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September 18, 2004

varieties of relativism and particularism

The big guns of the blogosphere are suddenly discussing moral relativism and particularism, topics about which I'm supposed to know something. It all started when Eugene Volokh came to liberals' defense, arguing that we lefties are not the moral relativists that conservatives call us, because we tend to believe strongly in moral principles that apply everywhere. Besides, liberals and conservatives agree that principles "admit of exceptions." Matthew Yglesias (who has good philosophical training) then argued that relativism is a position without any practical consequences; it's a meta-ethical view that tells us something about the nature of our moral beliefs, not how we may or should act. Brian Weatherson, on Crooked Timber, considered all the claims made in the earlier posts and concluded that Volokh was talking about "particularism," not relativism. Furthermore, Yglesias was partly mistaken, since relativism sometimes has moral consequences.

Philosophers love to make distinctions, and maybe these will be useful:

One can be a "moral universalist" about


species cultures the scope of duties the nature of reasoning 
Moral rules are independent of specifically human cognition; they come from God or pure reason The same rules or judgments ought to apply to members of any culture We have the same duties to all human beings. For instance, perhaps we are required to maximize everyones happiness, to the best of our ability, not favoring some over others. What is right to do in a particular case is shown by the correct application of a general moral rule

The opposite is of this kind of universalism is ...


Naturalism: Moral rules are created by human beings and derive from our nature. Cultural relativism: At least some moral principles are particular to cultures (they only bind people who come from some backgrounds). Communitarianism: We have stronger obligations in particular people, such as our own children or compatriots. Moral particularism: we can and should decide what to do by looking carefully at all the features of each particular case. General rules and principles are unreliable guides to action. Any rule or principle that makes one situation good may make another one bad.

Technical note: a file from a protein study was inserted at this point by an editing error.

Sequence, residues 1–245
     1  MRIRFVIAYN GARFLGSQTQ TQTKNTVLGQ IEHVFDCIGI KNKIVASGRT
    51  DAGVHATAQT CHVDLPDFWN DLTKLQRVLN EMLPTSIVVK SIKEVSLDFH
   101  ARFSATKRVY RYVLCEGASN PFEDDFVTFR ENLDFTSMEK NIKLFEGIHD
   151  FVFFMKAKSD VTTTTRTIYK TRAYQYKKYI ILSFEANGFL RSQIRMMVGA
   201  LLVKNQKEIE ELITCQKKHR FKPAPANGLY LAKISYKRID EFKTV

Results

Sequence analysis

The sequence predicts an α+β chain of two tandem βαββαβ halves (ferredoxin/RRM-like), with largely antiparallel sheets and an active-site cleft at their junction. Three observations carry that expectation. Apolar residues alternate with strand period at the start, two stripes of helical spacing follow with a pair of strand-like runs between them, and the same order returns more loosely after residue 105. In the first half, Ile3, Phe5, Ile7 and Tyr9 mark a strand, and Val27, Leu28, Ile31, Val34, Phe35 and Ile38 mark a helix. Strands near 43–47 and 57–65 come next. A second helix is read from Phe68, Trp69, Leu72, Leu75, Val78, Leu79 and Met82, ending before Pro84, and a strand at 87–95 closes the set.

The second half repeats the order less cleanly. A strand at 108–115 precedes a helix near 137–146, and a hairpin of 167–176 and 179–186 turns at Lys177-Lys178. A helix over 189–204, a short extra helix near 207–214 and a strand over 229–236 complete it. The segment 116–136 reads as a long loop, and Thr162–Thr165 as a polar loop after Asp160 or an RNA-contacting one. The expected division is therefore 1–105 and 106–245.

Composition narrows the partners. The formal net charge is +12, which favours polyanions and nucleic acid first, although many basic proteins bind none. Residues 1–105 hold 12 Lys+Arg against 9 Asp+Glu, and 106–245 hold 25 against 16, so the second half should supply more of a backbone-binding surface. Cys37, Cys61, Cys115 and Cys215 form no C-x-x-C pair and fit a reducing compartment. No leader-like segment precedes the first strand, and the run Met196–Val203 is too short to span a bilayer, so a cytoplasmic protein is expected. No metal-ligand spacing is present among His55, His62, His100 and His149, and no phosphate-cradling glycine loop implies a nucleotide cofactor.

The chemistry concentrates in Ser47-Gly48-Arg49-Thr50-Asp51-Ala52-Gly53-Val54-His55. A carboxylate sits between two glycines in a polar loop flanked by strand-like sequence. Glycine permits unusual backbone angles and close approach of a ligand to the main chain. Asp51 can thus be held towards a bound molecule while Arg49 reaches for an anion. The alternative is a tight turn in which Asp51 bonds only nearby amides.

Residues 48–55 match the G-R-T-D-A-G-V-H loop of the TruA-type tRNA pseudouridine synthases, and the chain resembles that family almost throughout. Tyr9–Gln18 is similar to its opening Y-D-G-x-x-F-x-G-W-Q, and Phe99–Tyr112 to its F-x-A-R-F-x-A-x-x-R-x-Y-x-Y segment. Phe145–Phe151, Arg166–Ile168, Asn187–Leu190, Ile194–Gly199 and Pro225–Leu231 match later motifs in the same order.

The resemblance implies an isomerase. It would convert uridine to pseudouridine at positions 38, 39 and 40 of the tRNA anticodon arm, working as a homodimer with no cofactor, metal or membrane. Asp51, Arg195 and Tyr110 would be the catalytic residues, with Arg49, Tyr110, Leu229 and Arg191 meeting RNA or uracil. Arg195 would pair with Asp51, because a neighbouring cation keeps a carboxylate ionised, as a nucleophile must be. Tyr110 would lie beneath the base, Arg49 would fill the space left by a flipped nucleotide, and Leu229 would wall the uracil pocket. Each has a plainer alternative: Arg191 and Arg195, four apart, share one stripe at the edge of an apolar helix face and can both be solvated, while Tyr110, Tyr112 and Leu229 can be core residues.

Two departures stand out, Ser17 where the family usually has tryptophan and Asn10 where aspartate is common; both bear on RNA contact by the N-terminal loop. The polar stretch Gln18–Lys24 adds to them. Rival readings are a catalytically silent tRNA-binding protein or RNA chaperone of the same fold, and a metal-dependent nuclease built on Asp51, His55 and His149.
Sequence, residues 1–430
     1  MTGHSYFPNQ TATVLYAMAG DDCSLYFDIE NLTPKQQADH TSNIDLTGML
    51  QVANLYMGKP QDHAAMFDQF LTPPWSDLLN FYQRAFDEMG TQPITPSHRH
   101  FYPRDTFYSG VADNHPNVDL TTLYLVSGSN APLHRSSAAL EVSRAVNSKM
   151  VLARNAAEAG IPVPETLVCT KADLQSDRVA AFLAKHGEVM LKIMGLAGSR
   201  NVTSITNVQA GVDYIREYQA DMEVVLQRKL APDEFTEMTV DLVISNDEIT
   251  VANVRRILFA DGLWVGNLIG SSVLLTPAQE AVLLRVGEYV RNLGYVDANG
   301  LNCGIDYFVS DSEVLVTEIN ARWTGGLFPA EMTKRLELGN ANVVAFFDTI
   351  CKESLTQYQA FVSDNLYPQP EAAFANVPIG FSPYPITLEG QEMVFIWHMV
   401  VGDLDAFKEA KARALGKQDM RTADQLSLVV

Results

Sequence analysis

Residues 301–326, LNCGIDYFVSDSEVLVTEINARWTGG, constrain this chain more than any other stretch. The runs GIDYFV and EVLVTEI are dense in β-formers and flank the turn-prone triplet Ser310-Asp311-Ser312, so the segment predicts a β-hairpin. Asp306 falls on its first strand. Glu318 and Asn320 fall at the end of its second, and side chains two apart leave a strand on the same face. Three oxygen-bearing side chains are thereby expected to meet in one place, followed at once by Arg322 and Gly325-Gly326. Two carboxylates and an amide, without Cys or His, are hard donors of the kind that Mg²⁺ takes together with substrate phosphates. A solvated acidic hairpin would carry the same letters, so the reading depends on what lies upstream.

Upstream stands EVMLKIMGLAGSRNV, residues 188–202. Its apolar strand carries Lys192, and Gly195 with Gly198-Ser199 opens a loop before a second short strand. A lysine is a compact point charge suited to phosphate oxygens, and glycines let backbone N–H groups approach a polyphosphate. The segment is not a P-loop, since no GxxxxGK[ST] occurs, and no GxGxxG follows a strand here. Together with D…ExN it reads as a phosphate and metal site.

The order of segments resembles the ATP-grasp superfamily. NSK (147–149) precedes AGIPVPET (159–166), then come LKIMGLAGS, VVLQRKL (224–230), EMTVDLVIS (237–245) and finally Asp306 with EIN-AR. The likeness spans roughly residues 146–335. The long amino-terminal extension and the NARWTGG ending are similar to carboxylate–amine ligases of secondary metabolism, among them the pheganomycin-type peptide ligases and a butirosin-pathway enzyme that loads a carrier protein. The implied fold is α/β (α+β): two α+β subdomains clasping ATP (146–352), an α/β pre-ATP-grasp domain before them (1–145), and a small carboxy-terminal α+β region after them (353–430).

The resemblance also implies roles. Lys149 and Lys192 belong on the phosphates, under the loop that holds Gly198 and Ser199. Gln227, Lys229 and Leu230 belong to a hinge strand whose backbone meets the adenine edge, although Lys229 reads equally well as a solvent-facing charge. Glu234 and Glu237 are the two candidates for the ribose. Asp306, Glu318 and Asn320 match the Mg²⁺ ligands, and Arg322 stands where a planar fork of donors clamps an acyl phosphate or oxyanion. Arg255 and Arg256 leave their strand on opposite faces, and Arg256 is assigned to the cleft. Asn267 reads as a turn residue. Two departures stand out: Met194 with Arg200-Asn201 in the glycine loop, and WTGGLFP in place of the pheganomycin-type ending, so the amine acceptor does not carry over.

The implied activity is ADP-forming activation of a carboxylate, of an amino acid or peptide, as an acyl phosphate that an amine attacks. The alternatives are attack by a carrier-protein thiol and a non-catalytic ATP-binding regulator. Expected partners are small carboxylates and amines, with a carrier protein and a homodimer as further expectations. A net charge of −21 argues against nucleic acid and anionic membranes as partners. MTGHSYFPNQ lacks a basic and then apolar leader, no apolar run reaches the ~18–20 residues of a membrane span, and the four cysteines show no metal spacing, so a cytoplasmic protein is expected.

These columns are completely independent; you can mix and match answers from the top and bottom rows.

In my view, the distinction in column #1 makes no practical difference. It doesn't matter whether moral principles derive from Reason or from human thinking, because they govern us either way. The distinction only matters if you think that morality comes from God, and God's will is knowable from a source such as the (inerrant) Bible.

A lot of post-modern leftists favor cultural relativism (column #2), to the annoyance of conservatives--but I think that's a mistake. True progressives and liberals have always believed that certain moral principles apply universally, regardless of what anyone may think in the local culture.

Communitarianism (column #3) is controversial on both sides of the political spectrum. However, some neoconservatives and many liberals share a belief in Wilsonian universalism and oppose a narrow commitment to national interests. They mainly differ in the means they favor for improving the world (unilateral force versus multilateralism).

Finally, I don't see a left/right tilt in the debate between particularists and moral universalists (column #4). In the 1960s, there was a fairly silly view called "situation ethics" (which Kevin Drum rightly mentions as a backdrop to today's debates). Joseph Fletcher and other situation-ethicists of the sixties emphasized that moral rules were subject to frequent exceptions; they used these examples to argue against the whole of conservative religious morality. Understandably annoyed, religious conservatives are still prone to see particularism as a threat. But sophisticated particularism is not lax and permissive, nor is it the enemy of religious orthodoxy. Indeed, Jesus was a particularist compared to the Pharisees (see John 8:2-11 and elsewhere).

September 18, 2004 9:22 PM | category: none


As an example of your "ala carte" assertion, consider that modern American common law jurisprudence is universalist as to cultures and the scope of duties (generally), but relativist about species, and somewhere in the middle on the nature of reasoning (in the sense that judges and counsel are almost always looking for ways to "distinguish" the present case from previous ones).

September 18, 2004 10:29 PM | Comments (1) | posted by Jim D

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